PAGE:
I felt like I was entering uncharted territory when I hit County Waterford a few weeks ago. Yes, I’m shit at updating my blog while I’m travelling. It’s because I’m too busy overdosing on fun.
Most people head to the west coast or Dublin when they visit Ireland (and with good reason), but since I was here researching my ancestry, I was fortunate to get a little off the beaten path.
I spent about a week in Waterford bumming around. If you haven’t been, here were some of my highlights.
Much quieter than any other city I’ve visited in Ireland, but with a rainbow of buildings dotting the waterfront, making it ideal for some epic photos. I didn’t get any, because it rained most of the time. But you get the point.
It’s also Ireland’s oldest city, so history buffs will get their fix at the Waterford Museum of Treasures.
While you’re there: eat at Three Ships Inn. Go to the House of Waterford Crystal, where you’ll see actual crystal production. Waterford City had a mild nightlife in comparison to even the smaller towns I stayed in, but there are still several pubs scattered all over the place with friendly bartenders behind the counter. Try Katty Barry’s, for example.
Probably my favourite town in Waterford. There’s a fair number of young people here, and it has a busy vibe. I spent most of my weekend at The Local pub, where there’s usually a good trad session every Saturday night. The owner of the pub is a famous bodhran player by the name of Donnchadh Gough, and you’ll find the folks here extremely friendly. I met an Irish speaking family from Ring here, among other fabulous hosts.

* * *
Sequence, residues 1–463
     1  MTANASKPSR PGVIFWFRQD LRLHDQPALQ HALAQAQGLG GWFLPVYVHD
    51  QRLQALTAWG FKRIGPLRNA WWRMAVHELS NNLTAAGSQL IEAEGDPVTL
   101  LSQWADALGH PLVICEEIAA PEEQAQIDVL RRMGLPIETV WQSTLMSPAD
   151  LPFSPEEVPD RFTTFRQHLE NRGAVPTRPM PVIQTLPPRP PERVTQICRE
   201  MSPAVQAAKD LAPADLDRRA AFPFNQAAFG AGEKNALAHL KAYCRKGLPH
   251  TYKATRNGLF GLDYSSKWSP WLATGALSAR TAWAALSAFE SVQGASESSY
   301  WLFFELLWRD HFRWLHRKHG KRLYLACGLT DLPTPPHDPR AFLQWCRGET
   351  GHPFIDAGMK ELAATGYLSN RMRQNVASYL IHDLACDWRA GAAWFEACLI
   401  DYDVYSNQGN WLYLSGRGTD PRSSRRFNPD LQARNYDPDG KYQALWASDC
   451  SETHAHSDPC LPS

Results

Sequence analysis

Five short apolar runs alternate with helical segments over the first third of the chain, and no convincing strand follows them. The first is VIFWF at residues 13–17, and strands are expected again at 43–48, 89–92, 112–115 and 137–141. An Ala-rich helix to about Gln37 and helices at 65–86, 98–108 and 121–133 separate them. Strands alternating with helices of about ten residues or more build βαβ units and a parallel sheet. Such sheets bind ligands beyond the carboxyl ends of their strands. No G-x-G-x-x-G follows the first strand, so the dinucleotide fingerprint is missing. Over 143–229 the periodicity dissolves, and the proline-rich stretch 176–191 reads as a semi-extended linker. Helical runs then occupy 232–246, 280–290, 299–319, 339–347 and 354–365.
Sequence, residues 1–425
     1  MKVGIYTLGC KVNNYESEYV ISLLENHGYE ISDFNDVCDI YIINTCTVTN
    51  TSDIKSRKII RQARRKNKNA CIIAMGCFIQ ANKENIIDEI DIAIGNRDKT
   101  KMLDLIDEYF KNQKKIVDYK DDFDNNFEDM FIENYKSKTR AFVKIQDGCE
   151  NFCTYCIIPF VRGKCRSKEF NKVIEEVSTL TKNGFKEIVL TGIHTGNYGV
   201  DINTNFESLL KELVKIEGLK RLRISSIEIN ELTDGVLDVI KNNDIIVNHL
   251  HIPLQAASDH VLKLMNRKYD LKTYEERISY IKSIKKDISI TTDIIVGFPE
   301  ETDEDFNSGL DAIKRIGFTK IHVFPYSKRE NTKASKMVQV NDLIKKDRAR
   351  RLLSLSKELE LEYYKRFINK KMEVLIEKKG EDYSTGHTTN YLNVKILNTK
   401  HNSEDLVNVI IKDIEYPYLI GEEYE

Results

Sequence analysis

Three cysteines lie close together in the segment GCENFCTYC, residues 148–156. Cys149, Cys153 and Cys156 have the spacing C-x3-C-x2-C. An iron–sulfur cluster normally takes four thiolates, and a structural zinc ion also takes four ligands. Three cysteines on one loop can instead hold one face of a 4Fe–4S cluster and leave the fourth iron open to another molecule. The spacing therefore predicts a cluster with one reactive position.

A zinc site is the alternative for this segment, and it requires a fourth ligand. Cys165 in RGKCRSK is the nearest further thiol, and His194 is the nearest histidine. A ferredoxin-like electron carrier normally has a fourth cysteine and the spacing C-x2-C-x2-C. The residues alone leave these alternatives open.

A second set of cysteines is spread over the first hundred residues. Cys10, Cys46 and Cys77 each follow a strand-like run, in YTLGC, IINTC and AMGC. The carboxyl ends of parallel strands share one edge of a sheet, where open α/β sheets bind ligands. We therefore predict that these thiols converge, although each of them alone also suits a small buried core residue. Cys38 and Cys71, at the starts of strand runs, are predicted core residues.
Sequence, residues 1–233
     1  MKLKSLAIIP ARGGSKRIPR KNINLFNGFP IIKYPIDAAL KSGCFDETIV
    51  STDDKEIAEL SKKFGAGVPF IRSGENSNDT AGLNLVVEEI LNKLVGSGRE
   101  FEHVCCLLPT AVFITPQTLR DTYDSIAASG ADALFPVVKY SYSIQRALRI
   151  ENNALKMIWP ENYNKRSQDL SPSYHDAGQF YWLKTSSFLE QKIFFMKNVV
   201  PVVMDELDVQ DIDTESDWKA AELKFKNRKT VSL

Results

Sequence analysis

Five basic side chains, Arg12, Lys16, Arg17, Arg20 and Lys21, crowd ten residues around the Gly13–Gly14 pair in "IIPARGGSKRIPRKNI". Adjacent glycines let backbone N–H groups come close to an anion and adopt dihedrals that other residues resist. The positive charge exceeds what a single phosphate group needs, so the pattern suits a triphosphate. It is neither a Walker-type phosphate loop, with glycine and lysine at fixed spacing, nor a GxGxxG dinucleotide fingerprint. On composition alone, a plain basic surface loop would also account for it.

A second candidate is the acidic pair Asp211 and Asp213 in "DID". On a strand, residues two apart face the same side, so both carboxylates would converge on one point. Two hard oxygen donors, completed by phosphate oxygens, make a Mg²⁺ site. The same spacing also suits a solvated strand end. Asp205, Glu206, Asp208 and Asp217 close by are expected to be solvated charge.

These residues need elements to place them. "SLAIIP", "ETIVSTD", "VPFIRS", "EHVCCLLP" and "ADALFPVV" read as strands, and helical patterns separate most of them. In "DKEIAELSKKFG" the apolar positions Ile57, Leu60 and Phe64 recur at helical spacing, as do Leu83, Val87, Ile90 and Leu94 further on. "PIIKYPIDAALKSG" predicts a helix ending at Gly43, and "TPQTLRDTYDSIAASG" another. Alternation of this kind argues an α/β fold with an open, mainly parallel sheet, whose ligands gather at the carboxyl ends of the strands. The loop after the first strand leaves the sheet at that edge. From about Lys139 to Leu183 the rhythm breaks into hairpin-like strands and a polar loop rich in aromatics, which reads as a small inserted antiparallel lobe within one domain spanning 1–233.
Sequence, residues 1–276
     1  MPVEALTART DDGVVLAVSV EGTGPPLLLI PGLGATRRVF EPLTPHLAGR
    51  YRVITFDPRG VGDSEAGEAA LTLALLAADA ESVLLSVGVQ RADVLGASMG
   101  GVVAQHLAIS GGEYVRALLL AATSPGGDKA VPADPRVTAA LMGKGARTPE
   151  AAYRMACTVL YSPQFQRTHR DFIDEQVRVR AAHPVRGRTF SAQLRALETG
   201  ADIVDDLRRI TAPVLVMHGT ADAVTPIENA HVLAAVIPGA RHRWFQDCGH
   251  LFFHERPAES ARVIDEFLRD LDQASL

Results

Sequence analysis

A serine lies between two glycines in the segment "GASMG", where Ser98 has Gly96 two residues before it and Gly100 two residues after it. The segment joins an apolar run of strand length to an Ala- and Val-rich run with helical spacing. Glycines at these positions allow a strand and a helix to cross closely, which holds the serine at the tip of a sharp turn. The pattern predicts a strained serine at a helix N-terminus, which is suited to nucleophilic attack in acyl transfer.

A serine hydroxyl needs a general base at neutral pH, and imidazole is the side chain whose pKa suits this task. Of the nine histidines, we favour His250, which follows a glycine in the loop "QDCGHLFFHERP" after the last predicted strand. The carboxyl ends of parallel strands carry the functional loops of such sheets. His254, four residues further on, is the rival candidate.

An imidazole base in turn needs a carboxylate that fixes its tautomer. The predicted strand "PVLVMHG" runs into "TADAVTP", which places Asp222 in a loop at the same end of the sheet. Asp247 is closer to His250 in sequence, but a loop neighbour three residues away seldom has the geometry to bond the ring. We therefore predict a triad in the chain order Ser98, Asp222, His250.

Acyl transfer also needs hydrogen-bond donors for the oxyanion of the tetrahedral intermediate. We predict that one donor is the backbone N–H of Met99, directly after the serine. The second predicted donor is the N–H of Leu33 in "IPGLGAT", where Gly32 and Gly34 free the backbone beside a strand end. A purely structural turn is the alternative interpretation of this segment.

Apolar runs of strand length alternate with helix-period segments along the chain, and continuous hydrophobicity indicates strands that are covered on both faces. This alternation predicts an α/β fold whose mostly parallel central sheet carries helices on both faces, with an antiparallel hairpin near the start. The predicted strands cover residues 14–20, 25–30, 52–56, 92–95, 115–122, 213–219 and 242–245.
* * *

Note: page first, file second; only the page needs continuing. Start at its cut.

Eat at Nude Food, a place recommended to me by a radio host who raved about it. There are vegetarian options, and the cook is a lovely lady who bustles around the open kitchen as if she were cooking for you from her home. Tip: try some blaa bread, a soft sort of roll which is native to Waterford.
A clean, neat little town located not far from Dungarvan. Since all I seemed to do on this trip is eat and drink, grab a Panini at The Summerhouse Café. If you want to impress your travel partner by buying them a sexy three-course meal, opt for the Lismore House Hotel.
If you have a couple thousand to drop (right?), try a stay at Lismore Castle. It was originally built in 1185 by King John, and is owned by the Duke of Devonshire today. Scott and I actually had no idea what kind of a privilege it was to stay in the Burlington Wing until we realized that hardly anybody else in town had ever done so, and you know, by the fact that its former guests include the likes of Fred Astaire and JFK.
I’m probably going to write a full post on this baby, because it was easily one of the coolest (and most haunted) experiences of my life.
Check out the Ardmore Round Tower, where monks would have hid from the Vikings during the raids. Vikings were kind of assholes, guys.
There’s also a great coastal walk that starts around the Cliff House Hotel (just ask someone for directions, it’s a small place).
Cruise the Copper Coast
I’ve already posted a photo essay on this route between Tramore and Dungarvan on Route 675. The coast was some of the prettiest I’ve seen in Ireland, and it was basically deserted. We stopped at the coppery (duh) Kilfarrasy Beach, and had the whole area to ourselves.
Same story with Annestown Beach, although that one was more pebbly rather than soft and sandy. Also, Ireland, WTF is up with your palm trees?